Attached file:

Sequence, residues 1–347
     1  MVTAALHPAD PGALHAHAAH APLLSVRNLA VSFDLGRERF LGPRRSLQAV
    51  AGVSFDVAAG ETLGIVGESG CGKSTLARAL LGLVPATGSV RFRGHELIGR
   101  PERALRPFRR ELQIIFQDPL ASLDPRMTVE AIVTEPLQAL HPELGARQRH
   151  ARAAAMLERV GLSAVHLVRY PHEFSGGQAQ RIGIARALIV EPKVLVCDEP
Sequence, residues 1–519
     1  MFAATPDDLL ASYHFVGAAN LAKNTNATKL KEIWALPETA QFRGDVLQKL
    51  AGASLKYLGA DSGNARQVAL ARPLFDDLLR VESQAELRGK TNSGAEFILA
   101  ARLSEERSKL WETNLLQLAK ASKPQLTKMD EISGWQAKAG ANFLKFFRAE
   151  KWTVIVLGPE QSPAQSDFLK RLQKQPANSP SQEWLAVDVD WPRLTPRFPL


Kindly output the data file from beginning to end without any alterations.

Sequence, residues 1–347
     1  MVTAALHPAD PGALHAHAAH APLLSVRNLA VSFDLGRERF LGPRRSLQAV
    51  AGVSFDVAAG ETLGIVGESG CGKSTLARAL LGLVPATGSV RFRGHELIGR
   101  PERALRPFRR ELQIIFQDPL ASLDPRMTVE AIVTEPLQAL HPELGARQRH
   151  ARAAAMLERV GLSAVHLVRY PHEFSGGQAQ RIGIARALIV EPKVLVCDEP
Sequence, residues 1–519
     1  MFAATPDDLL ASYHFVGAAN LAKNTNATKL KEIWALPETA QFRGDVLQKL
    51  AGASLKYLGA DSGNARQVAL ARPLFDDLLR VESQAELRGK TNSGAEFILA
   101  ARLSEERSKL WETNLLQLAK ASKPQLTKMD EISGWQAKAG ANFLKFFRAE
   151  KWTVIVLGPE QSPAQSDFLK RLQKQPANSP SQEWLAVDVD WPRLTPRFPL